Measuring genetic diversity in ecological studies
- First Online:
- Cite this article as:
- Avolio, M.L., Beaulieu, J.M., Lo, E.Y.Y. et al. Plant Ecol (2012) 213: 1105. doi:10.1007/s11258-012-0069-6
- 653 Downloads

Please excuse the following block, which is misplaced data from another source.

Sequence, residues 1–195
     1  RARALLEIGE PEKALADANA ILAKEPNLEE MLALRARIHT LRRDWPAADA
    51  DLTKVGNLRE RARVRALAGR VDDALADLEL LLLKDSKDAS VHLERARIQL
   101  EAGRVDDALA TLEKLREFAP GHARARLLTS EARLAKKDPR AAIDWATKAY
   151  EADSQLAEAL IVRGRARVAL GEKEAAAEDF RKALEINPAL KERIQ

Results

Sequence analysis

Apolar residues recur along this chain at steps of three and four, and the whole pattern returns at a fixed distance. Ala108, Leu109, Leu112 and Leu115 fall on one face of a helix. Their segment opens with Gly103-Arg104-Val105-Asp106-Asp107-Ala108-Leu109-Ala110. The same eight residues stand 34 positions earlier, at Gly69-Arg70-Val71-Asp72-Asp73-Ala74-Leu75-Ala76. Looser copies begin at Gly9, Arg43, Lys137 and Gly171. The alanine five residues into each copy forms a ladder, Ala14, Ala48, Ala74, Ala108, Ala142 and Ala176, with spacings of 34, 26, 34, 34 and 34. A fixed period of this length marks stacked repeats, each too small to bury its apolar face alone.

There is an increasing interest in how genetic diversity may correlate with and influence community and ecosystem properties. Genetic diversity can be defined in multiple ways, and currently lacking in ecology is a consensus on how to measure genetic diversity. Here, we examine two broad classes of genetic diversity: genotype-based and genome-based measures. Genotype-based measures, such as genotypic richness, are more commonly used in ecological studies, and often it is assumed that as genotypic diversity increases, genomic diversity (the number of genetic polymorphisms and/or genomic dissimilarity among individuals) also increases. However, this assumption is rarely assessed. We tested this assumption by investigating correlations between genotype- and genome-based measures of diversity using two plant population genetic datasets: one observational with data collected at Konza Prairie, KS, and the other based on simulated populations with five levels of genotypic richness, a typical design of genetic diversity experiments. We found conflicting results for both datasets; we found a mismatch between genotypic and genomic diversity measures for the field data, but not the simulated data. Last, we tested the consequences of this mismatch and found that correlations between genetic diversity and community/ecosystem properties depended on metric used. Ultimately, we argue that genome-based measures should be included in future studies alongside genotypic-based measures because they capture a greater spectrum of genetic differences among individuals.